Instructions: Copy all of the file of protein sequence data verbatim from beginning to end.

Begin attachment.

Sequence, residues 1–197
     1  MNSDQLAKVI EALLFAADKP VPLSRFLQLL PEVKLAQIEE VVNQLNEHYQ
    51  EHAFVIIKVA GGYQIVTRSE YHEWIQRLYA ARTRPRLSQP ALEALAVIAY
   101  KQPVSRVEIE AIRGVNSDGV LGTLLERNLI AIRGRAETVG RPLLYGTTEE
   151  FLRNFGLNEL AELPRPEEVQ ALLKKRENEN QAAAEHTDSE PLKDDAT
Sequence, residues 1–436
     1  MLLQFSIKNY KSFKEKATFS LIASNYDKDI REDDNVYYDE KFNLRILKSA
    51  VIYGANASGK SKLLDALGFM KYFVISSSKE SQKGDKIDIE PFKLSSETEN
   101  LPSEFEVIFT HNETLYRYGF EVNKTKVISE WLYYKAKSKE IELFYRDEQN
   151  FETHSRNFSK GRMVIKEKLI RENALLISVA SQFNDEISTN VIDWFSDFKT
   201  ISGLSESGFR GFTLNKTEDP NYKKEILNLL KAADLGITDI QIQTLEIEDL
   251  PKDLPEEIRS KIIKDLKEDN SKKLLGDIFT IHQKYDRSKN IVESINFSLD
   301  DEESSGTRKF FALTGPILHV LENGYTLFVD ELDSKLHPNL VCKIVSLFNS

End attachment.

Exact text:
Sequence, residues 1–197
     1  MNSDQLAKVI EALLFAADKP VPLSRFLQLL PEVKLAQIEE VVNQLNEHYQ
    51  EHAFVIIKVA GGYQIVTRSE YHEWIQRLYA ARTRPRLSQP ALEALAVIAY
   101  KQPVSRVEIE AIRGVNSDGV LGTLLERNLI AIRGRAETVG RPLLYGTTEE
   151  FLRNFGLNEL AELPRPEEVQ ALLKKRENEN QAAAEHTDSE PLKDDAT
Sequence, residues 1–436
     1  MLLQFSIKNY KSFKEKATFS LIASNYDKDI REDDNVYYDE KFNLRILKSA
    51  VIYGANASGK SKLLDALGFM KYFVISSSKE SQKGDKIDIE PFKLSSETEN
   101  LPSEFEVIFT HNETLYRYGF EVNKTKVISE WLYYKAKSKE IELFYRDEQN
   151  FETHSRNFSK GRMVIKEKLI RENALLISVA SQFNDEISTN VIDWFSDFKT
   201  ISGLSESGFR GFTLNKTEDP NYKKEILNLL KAADLGITDI QIQTLEIEDL
   251  PKDLPEEIRS KIIKDLKEDN SKKLLGDIFT IHQKYDRSKN IVESINFSLD
   301  DEESSGTRKF FALTGPILHV LENGYTLFVD ELDSKLHPNL VCKIVSLFNS